Why Does My Gas Grill Catch on Fire? And How to Prevent It

Gas grill caught on fire

It’s a perfect summer afternoon. The kids are playing in the yard, you’re kicked back enjoying a beer, and the burgers are cooking on the grill.

Then you go to flip the burgers and are met with flames shooting up through the grates. If it only lasts a few seconds, it is probably just a flare-up, but if it doesn’t stop and is intense, you likely have a grease fire.

What happened? It was the perfect backyard BBQ, and now all of your burgers are charred, and your grill is more like a firepit.

Usually, there is only one reason for your gas grill to catch on fire.

The main reason gas grills catch on fire is due to grease buildup inside of the grill. When grills aren’t cleaned properly, grease builds up in the firebox, on the burners, and in other areas of the grill. The grease can vaporize and ignite, causing a grease fire. If you have a grease fire in your gas grill, turn off the gas and open the lid to allow the grease to burn off.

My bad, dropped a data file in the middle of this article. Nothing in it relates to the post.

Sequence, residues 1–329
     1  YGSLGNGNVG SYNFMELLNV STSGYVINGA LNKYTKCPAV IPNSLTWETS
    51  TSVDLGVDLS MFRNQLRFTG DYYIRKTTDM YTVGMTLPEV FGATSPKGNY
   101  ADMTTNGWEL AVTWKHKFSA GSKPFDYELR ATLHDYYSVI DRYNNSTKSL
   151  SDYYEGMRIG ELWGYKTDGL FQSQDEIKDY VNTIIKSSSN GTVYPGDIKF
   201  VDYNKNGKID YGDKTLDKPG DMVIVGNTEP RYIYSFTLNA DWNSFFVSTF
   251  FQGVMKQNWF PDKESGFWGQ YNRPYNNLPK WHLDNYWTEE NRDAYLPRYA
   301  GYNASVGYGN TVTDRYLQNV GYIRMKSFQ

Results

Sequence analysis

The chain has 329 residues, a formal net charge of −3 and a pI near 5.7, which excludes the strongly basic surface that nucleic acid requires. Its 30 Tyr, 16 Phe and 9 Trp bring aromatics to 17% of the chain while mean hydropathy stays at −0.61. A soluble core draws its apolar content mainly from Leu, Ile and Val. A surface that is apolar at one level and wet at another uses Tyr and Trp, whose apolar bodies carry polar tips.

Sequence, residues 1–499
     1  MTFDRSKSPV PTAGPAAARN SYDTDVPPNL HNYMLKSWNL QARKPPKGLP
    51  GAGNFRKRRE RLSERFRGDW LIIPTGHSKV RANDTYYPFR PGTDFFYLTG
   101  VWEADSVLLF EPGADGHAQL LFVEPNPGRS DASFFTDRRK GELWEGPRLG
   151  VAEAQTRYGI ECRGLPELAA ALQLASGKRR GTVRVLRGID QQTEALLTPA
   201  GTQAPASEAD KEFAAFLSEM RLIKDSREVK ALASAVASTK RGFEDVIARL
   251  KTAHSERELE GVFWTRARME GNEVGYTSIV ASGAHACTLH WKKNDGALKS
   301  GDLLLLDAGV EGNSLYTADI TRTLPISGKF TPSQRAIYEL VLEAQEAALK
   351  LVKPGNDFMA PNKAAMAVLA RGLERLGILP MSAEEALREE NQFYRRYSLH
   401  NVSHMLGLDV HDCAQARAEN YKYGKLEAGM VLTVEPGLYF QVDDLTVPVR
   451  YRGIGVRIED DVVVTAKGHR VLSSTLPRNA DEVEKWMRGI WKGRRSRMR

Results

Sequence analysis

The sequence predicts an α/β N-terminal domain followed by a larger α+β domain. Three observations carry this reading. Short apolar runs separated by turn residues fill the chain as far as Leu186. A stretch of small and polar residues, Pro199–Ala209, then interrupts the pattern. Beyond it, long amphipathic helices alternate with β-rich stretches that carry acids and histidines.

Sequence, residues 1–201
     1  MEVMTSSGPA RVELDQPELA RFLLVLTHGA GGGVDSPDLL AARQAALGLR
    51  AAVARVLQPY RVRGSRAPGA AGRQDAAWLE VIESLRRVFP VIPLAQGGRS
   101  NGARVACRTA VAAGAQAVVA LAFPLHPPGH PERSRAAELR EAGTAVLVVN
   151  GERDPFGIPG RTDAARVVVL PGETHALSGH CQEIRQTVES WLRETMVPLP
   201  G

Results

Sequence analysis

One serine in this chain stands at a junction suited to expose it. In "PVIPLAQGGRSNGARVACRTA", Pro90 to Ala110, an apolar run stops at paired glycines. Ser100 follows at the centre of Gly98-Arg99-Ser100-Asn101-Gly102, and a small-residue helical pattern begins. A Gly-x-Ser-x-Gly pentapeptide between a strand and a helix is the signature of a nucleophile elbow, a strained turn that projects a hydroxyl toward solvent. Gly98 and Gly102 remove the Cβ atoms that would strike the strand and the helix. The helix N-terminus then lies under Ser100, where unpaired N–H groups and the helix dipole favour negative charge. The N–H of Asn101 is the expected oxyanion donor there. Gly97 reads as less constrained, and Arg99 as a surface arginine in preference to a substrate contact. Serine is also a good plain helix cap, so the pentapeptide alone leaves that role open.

According to NFPA data, gas grills account for 84% of grill fires. And 33% of the gas grill fires that resulted in structure fires were caused by failure to clean them.

Grease fires are easy to prevent in your grill. I’ll cover what you need to do to avoid them and what to do if you are faced with one.

Why Your Gas Grill Keeps Catching on Fire

Gas grills are designed to produce a flame, so you may think it is always on fire. While it is technically accurate that you have a fire going, it is a controlled fire, and only the gas that is being supplied as the fuel is burning.

When referring to a gas grill catching on fire, it is a fire that is no longer controlled by the design of the grill.

Grease Buildup on Grill Surfaces

With repeated use of your grill, grease builds up on the grill’s surfaces. This grease comes from the fat in the meats you are grilling. As the meat heats up, the fat melts and drips to the surfaces below. When the grill is turned off, the grease solidifies on your grill surfaces.